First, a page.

Unformatted text preview: Kelsea Rindler U.S. History 1025 Unit 4 Writing Assignment 1. The last quarter of the nineteenth century brought a slow but perceptible change in American foreign policy. Discuss how that change developed down through the end of the Spanish-‐American War. Then trace the development of American foreign policy though the administrations of Roosevelt, Taft, and Wilson (to 1917). What assumptions and objectives lay behind their decisions? How did their foreign policies differ in focus? In the last quarter of the late nineteenth century, the foreign policy of the U.S had grown from a simple business idea, in attempt to control the rise of global power with military force who were capable of dominating the world at the time. They were also powerful in the sense that they were capable of controlling international trade through specific countries such as China. Roosevelt, Taft, and Wilson were all considered progressive reformers who all had foreign policies that were comparable to one another in their terms. Starting with Roosevelt’s term, his foreign policy was known as the “Big Stick Policy,” and it played a huge role in the success of the U.S. at the time. This is why it is so significant. Throughout his term, he made many events successful such as the building of the Panama Canal, building a military force, and the call to arms for America’s youth. In 1900, the U.S. sent troops in to beat the Boxer Rebellion which took place in China. The Boxer Rebellion was an anti-‐foreign movement held by the Righteous Harmony Society in China. Roosevelt’s belief held that American’s were much more superior when it came to economic and political affairs and that is how he went about them too in a sense. All of the leaders, Roosevelt, Wilson and Taft held similar policies, but Taft’s foreign policy was known as the “Dollar Diplomacy.” His main focus was to expand opportunities for corporate investments that occurred overseas. Under Roosevelt and James Hay, secretary of state, issued a series of what was known as the open door notes in 1900. His first Open Door Policy enforced open trading in all parts of China for all countries. Soon after the policy became legitimate, Roosevelt began the construction of the Panama Canal in 1906. Fifteen years later, the first ship sailed through this Canal. People saw it as a masterpiece that Roosevelt created because it extended and helped with trade immensely. It was also considered a huge achievement for the U.S. and it shadowed Latin America and U.S. relation for years, even years and years after it was created. This essentially led to the rise of anti-‐American revolts in Mexico which created huge chaos for the border states. President Wilson sent seven thousand troops to fight the Mexican forces that were occurring at the time. Unfortunately this conflict went on for several years but finally ended in 1920. 2. World War I, or the Great War, was the opening phase of what historians increasingly refer to as the Second Thirty-‐Years War. It was a great watershed in American foreign policy -‐ the first time that American soldiers were sent in massive numbers to fight on another continent. Discuss American participation in the war -‐ the path of entry, the struggle on the western front, and the effect of the conflict on the home front. Then discuss the basis of Wilson's peace plan and the ultimate result. In the final analysis, how did the Great War reshape American life? Many events can cause a war but in the case of World War One, it was the killings of political leaders in Austria-‐Hungary, Russia and Spain and even President McKinley's assassination sparked some tension. The main spark though was the Austria-‐Hungarian Heir to the throne’s assassination, which led Europe into war. The U.S, under President Woodrow Wilson intended to stay out of such conflict occurring at the time, because in the eyes of many Americans, it had nothing to do with them at this time. In 1917, however German submarines had attacked U.S. ships and the German government encouraged Mexico to invade the U.S. This enraged U.S. public opinion and Wilson was put in a position to ask Congress to finally declare war. American resources and manpower changed the current Central Powers which had belonged to Germany and Austria-‐Hungary and in 1918, what everyone had called “The Great War,” had finally come to an end. After the war, more than 9 million men were declared dead and twice as many wounded. As troops began to return home, they also carried disease from around the world home with them. It was estimated that 50 million people died. Many of the now-‐familiar political boundaries in Europe and the Middle East still currently reflect the peace settlements that had followed the war. This resulted in a decrease in size for Russia and Germany and sparked the great multinational empires of Austria-‐Hungary and the Ottomans. An effect of the war also include new countries with names such as Yugoslavia and Iraq. What was harder to mend, was the long-‐term consequences of the war. This included political, social, and moral consequences. The consequences honestly changed every country that had participated in the war. Governments had automatically assumed a greater control over their societies and had never really entirely fixed it. Old regimes had been destroyed and were eventually replaced by new political orders. In Russia, for instance, Czarist autocracy was succeeded by communism which resulted in huge consequences for the rest of the century. The destructiveness of the war also created major issues for some as well. Some of these issues, we still face today, but this consequence also spread new political ideas. President Wilson preached about national self-‐determination and creating a safe world for democracy. He wanted a League of Nations as the basis for international cooperation for all of the countries worldwide. Russia suggested an alternative that included a world without borders or classes. The competing visions helped start the Cold War. In 1918, President Wilson gave one of his most famous speeches, know as the Fourteen Points. The Fourteen Points outlined fourteen elements that Wilson felt were essential to a peace that would last. It is said that it was delivered to establish moral goals specifically for American Participation in World War I. Wilson also hoped this speech would encourage the Central powers to end all of the hostilities that were still in play. His plan actually initially backfired as the German Army actually intensified their efforts on the European western Front. After ten months though, they conceded and agreed to Wilson as he began a series of peace talks that were based on his Fourteen Points. Of the 14 points that Wilson argued, eight consisted of specific geopolitical issues that really needed to be resolved after the war, while the remaining 6 points dealt generally with the ideology that was necessary to keep the peace. The most significant point included the freedom of the seas, an end to secret treaties/negotiations, the establishment of free and equal trade, the reduction of arms and forces, welcoming the new Soviet Russia into the the international community, granting self-‐government, independence for Turkey and Poland, and lastly establishing a group of nations to ensure the freedom and peace for all people in the world. These were not only points but also some results of the war. Wilson’s points were significant for several different reasons. One being the fact that no major world leader had ever declared such “lofty” war goals and objectives for simply establishing peace for everyone. Wilson referred to his vision as “peace without victory.” Secondly, his points were based directly on a sense of morality and righteousness which was very unlike the desire for war spoils. His idea did not include the punishment of Germany who essentially started the war or include taking land or money from anyone. The 14 points were also based on a sense of liberalism which was new to international politics. The greatest of the points, which some would argue was the largest significance, was the fact that they called for cooperation in order to secure and keep true peace among the world. In an attempt to ensure such a renewed conflict would not occur, Wilson proposed that the nations of the world–including Germany–create a forum called the League of Nations which allowed the nations to express their grievances in a safe way instead of inflicting conflict or war. The great-‐war reshaped American life in a few significant ways. One of these ways was that more employment opportunities opened up as well as rights for women and African Americans. Factory occupations were now an option for women as well, as they also gained the right to vote shortly after the war. Another positive impact was that as employment opportunity went up, unemployment went down as industry “boomed.” Factories that were specifically working for the war were now successful in making and producing their own items. In many people’s eyes at the time, America was on the rise again economically and politically, and were very optimistic after they faced this hard time and several different consequences. 3. The Roaring Twenties began with a severe reaction to the war and the ardent progressivism of the Wilson years. What programs, policies, and commitments marked the domestic and foreign policies of the Harding and Coolidge administrations? In your analysis, discuss to what extent the policies of these two administrations were a reaction to progressivism. After the war in the 1920’s, there was a recession that took away wartime bonds and sent veterans back into the normal job market. This resulted in the creation of new appliances, personal goods, hydroelectric water plants, and a huge spread in the popularity of automobiles. All of these huge achievements combined created a big business or economic “boom” which impacted everything from global markets to outsourcing and purchasing several foreign factories. Large corporations were finding their niche globally and goods such as the automobile became very popular. However, America still wanted to show its superiority along with other powers it obtained by placing high tariff barriers which resulted in hindering foreign trade to benefit domestic manufacturers. New methods of mass production in goods allowed for a huge supply of material goods in typical American households. Farmers, however were not really receiving the benefit of the doubt. Grain prices skyrocketed as there was no longer a demand for them from the government for soldier rations. With new innovations in farming equipment, this really hurt farmers at the time, because their boost in production sent prices even further down. These all were situations that took place under Harding and Coolidge. Under Harding, there was a bland Republican appealing after the war and Wilson’s term. He tried to return things to the way he felt was “normal.” This resulted in scandals such as Interior Secretary Fall went to jail for leasing government oil reserves. There was another in Teapot Dome and Wyoming all for bribes. Harding was all for the simpler times. He felt that the progressive era was much too complicated so he returned to Laissez-‐Faire in a sense. He felt that the progressivism and the legislation of it was “un-‐American” and that it hurt our industrial capacity. Coolidge had much to do with policies and events with this era as well. He lowered income taxes and inheritance taxes for the wealthy. He also had a theory called the “Trickle Down” theory which consisted of tax cuts for the wealthy which he felt would promote businesses, investments, stimulate the economy, and overall benefit everyone. Coolidge actually refused to help the flood victims in 1927 which also kind of caused an uproar. During his term, and the many things he succeeded in in his career, he vetoed the McNary-‐Haugen bill. This was a price-‐support plan which the government would annually buy the surplus of cotton, corn, rice, hogs, tobacco, and wheat at their average prices. This bill was passed by Congress twice but vetoed by Coolidge. Another significant event that took place during Coolidge’s term was Independent Internationalism. The U.S. refused to join League or World Court as the Washington Naval Arms Conference took place during this time. This set a specific amount of ships among the world’s naval powers and the U.S. and Japan agreed to respect the territorial holding in the Pacific which was considered a major agreement. This showed effort for the control of arms. The Kellogg-‐Briand Pact occurred in 1928 which consisted of the U.S., France, and eventually 60 other nations that joined. This pact renounced the aggression and called for the outlaw of war. There was no enforcement but the U.S. wanted repayment of 22 billion dollars in war debts and reparations. The election of 1924 was also a huge event that took place at this time. The Democratic split between the north and the south resulted in the nomination of John W. Davis though Coolidge won by a landslide. The Women’s Joint Congressional Committee seeked for child-‐labor laws, the protection of women workers, and federal support for education. They also backed the Sheppard-‐Towner Act which funded rural prenatal and baby-‐care centers which were staffed by the public and health nurses. In result, the 19th amendment had little effect as younger women ridiculed feminists. As the U.S. continued to consume more goods, great advancements took place in marketing and business organizations with separate divisions of product development, personal relations, and customer relations. The government remained overwhelmingly conservative as the voters elected to keep control and stability as the times they were facing were considered radical social reform. Harding was elected president in 1920, and was a strong headed Senator (for Ohio) whose cabinet instantly came into question. They were subject to a number of scandals which as said before regarded the stealing of Veteran Funds. Harding suffered a heart attack and that is how Coolidge was sworn in as he was the vice-‐president at the time. Coolidge did have more of a calm demeanor about him and was one of the first presidents to use the power of the radio in American homes as he spoke to the people. He wasn’t a fan of government intervention and clearly struggled in dealing with the flood of the Mississippi as he refused to help. This flood caused the destruction of many farms and houses all the way from the states of Illinois to New Orleans. 4. Perhaps its most famous aspects of the Jazz Age where the emphasis on business and the new consumerism -‐ notably the love affair with the automobile -‐ coupled with the remarkable "new" social developments that altered American life in many ways. Discuss these sensational changes. In the final analysis, to what degree did the Jazz Age change the social contours of American life? As an American society was facing these huge changes, the boom in consumer goods allowed people to learn more about each other and learn to appreciate music, art and famous people who paved the way in what became the rise of youth culture. Entertainment that was mass produced started to pour into American everyday culture with the use of the radio and popular journalism. Celebrity culture came from the glorification of music, sports, and radio stars which were promoted everywhere along with the growing persuasive threat of advertising. Young culture became the voice of the post war era formalities which changed so much along with sex appeal, dress styles, and the new free form style of music that was called Jazz. Jazz music captured the heart of many rebellious youth at the time. The Harlem Renaissance was a collection of incredible writers, poets, and artists, and musicians which sent America as a whole into a brand new age of entertainment what people considered art in many different forms at the time. Entertainment, though, became so popular at this time and the boom of jazz that the first movie with sound was actually called The Jazz Singer which came out in 1927. Mass marketing in businesses grew as entertainment grew more popular in American society. The Jazz Age exemplified the culture of Americans at the time and was full of well-‐known people. F. Scott Fitzgerald was one, and to this day we still know him through many of his great books that have even become movies such as The Great Gatsby. He captured a part of the postwar scene, especially the urban mass culture which had become so different from the Progressive era. The Harlem Renaissance was considered a literary movement, above all at this time. It actually offered sensuality, eroticism, and escape from taboos which consisted of prostitutes, speakeasies, and cocaine. This whole event ended with the start market crash in 1929 and the Great Depression. However, this was a monumental moment to black culture creativity. Another part of the Jazz Age, also included advancements in architecture such as skyscrapers, and some incredibly unique artists. Most importantly though, the Jazz era consisted of Jazz (music)!! Jazz was a creative way for African Americans to express their struggles that they had faced over the years and even were still facing with discrimination that was still very much present in America. It is said that Jazz survived even when the rest of the 1920s culture faded. This shows the great significance that this creative entertainment had on America. It consisted of so many different cultures in itself that has still lived on even to this day. As society grew in Jazz culture, advancements in science and medicine also took place after the war. Nuclear physicist Arthur Compton won a Nobel Prize in 1927 for his work with x-‐rays. Dramatic advances were also made in neurosurgery and vaccines or solutions were conquered for diseases such as diphtheria, whooping cough, measles, and influenza at the time. 5. Identify and give the significance of five of the following ten items? a.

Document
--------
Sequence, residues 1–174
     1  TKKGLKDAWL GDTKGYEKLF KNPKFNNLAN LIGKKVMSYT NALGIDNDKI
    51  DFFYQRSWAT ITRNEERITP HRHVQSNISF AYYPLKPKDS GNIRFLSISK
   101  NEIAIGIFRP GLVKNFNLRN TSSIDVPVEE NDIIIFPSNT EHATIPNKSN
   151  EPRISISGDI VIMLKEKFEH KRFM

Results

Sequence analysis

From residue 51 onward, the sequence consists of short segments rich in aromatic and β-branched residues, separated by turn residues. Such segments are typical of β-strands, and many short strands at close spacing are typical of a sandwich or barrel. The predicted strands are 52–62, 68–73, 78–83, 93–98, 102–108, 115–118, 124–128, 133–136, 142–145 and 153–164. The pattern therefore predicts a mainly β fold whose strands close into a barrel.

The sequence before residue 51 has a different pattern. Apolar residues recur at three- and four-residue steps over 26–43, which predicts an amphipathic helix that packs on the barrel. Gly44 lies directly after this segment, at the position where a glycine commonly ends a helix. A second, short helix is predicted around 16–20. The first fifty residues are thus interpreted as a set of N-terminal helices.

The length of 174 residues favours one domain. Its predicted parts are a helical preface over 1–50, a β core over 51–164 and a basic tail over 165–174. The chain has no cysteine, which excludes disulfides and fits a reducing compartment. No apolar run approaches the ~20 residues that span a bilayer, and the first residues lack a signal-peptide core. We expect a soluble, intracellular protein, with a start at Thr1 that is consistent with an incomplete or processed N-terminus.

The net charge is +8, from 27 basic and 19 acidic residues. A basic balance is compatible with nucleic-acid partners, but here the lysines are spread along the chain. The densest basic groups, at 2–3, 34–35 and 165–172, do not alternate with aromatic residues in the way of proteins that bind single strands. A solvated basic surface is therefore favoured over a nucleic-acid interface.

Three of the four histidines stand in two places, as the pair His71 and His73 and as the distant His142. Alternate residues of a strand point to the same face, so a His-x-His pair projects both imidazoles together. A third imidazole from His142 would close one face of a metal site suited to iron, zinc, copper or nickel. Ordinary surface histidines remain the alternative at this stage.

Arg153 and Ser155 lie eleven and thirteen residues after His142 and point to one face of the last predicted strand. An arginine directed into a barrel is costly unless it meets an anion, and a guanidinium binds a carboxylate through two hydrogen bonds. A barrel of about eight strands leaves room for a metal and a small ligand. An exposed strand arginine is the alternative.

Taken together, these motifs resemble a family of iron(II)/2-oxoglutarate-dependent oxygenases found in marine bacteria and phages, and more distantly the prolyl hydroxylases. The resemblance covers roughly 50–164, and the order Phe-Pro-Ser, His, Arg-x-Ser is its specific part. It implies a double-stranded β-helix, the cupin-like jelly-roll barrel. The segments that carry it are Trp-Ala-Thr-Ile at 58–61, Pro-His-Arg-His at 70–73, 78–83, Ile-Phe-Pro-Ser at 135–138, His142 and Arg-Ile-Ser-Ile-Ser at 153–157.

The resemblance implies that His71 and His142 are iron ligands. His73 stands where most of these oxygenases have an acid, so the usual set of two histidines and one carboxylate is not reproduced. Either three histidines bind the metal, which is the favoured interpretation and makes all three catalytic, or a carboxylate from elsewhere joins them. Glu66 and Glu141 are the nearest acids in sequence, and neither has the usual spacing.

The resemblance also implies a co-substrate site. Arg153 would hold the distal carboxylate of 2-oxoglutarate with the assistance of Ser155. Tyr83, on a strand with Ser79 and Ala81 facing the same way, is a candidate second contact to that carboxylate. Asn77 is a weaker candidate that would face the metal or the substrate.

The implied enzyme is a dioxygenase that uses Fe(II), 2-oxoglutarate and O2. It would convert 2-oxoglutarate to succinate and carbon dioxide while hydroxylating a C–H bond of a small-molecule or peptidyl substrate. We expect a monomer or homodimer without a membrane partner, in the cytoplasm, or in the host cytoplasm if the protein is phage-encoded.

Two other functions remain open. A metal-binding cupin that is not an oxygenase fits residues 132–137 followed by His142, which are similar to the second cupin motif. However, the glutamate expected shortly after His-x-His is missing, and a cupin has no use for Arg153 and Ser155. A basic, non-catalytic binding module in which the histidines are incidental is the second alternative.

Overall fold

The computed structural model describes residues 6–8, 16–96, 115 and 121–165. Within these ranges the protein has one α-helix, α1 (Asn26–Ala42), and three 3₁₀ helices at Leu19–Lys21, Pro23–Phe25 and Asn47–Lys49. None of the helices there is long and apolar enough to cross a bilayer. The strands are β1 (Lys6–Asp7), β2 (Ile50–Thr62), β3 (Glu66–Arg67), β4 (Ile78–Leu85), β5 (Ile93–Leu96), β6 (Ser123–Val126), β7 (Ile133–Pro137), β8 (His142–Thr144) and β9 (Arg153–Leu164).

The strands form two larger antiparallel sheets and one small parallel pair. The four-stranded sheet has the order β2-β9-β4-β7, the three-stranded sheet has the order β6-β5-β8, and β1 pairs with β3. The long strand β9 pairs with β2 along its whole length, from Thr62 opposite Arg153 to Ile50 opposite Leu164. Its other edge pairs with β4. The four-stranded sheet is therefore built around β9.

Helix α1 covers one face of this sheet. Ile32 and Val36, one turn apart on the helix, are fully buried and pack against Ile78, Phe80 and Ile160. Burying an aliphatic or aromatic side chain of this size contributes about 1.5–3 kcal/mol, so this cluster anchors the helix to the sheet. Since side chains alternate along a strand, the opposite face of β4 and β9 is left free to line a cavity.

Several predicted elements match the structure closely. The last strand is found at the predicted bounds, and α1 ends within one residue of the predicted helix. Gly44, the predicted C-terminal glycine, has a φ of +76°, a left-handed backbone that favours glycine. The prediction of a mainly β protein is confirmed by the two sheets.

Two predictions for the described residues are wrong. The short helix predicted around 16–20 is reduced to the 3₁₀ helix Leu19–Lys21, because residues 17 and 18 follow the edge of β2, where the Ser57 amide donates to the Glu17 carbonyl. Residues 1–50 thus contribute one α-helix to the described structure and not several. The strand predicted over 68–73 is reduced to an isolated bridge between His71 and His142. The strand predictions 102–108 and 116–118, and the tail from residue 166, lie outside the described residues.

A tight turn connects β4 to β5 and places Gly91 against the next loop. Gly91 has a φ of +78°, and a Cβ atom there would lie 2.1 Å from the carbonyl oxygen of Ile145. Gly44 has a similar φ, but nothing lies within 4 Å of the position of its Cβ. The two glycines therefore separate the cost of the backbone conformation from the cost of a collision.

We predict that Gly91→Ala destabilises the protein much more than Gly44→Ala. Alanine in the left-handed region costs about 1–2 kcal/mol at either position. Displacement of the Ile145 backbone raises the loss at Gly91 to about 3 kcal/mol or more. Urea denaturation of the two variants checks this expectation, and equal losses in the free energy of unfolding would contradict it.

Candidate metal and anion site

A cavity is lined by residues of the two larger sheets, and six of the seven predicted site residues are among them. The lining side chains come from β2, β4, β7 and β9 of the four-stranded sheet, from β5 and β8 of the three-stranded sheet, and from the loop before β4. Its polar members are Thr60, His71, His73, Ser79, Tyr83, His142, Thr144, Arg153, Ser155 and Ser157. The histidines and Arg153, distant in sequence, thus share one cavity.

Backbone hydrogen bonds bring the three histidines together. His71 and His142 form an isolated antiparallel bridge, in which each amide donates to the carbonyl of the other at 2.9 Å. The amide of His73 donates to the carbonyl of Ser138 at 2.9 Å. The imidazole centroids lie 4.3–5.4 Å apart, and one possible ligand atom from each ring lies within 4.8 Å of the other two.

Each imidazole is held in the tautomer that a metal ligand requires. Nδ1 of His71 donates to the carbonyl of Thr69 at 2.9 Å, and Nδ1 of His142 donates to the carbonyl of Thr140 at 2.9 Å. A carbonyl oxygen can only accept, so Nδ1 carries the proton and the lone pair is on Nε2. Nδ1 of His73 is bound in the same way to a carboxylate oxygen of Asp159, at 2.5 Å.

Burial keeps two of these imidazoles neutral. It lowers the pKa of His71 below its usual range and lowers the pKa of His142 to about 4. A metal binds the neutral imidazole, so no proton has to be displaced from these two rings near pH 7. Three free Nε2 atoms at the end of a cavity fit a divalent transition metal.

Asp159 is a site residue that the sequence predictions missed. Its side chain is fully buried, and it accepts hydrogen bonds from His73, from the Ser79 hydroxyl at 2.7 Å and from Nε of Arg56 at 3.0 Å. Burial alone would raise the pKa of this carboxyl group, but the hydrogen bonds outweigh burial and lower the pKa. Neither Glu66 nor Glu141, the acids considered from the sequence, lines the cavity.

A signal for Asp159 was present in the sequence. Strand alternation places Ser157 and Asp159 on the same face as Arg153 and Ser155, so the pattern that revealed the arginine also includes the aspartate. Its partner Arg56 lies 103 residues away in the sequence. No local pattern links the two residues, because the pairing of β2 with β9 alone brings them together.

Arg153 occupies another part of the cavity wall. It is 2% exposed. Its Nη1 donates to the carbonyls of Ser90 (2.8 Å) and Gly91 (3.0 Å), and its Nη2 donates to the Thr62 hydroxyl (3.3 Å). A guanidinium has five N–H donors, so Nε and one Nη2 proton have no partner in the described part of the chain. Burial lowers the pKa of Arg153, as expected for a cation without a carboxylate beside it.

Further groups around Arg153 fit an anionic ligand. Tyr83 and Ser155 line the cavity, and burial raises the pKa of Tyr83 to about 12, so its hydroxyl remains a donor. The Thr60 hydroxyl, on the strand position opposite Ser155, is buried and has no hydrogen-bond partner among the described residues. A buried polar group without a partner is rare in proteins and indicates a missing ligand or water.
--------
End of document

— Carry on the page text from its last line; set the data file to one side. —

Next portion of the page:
j. Dollar Diplomacy Open Door Notes Lusitania incident The Fourteen Points The Great Red Scare KDKA Flappers Prohibition The Scopes Trial Harlem Renaissance b.) Open Door Notes- The Open door notes occurred after the Boxer Rebellion was defeated which weakened China’s government even further. The Open Door Notes issued by Hays on 1900, reaffirmed the principle of open trade in China for all nations and announced America’s determination to preserve administrative and territorial integrity for China. They aimed to secure international agreement to the U.S. policy which promoted equal opportunity for international trade and commerce in China, and respect for China’s administrative and territorial integrity.The Open Door Notes were significant for our history because in the 1930s, when the Japanese expansion menaced China, this policy helped shape America’s response. d.) The Fourteen Points- In 1918, Wilson addressed Congress, summing up U.S. war aims in fourteen points. Eight of them promist the subject people of the Austro Hungarian and Ottoman Empires the right of self-‐determination, which is simply the right to choose their own political features. The ninth point insisted that imperial disputes should be considered in the interests of the colonized people. The last five points gave Wilson’s larger postwar vision, which consisted of a world of free navigation, free trade, reduced armaments, openly negotiated treaties, and “a generalized association of nations” to resolve conflict peacefully. The Fourteen Points were so significant in American history because they solidified American support for the war, especially from the liberals. It showed that America was fighting for noble motives, and not just selfish aims. e.) The Great Red Sca...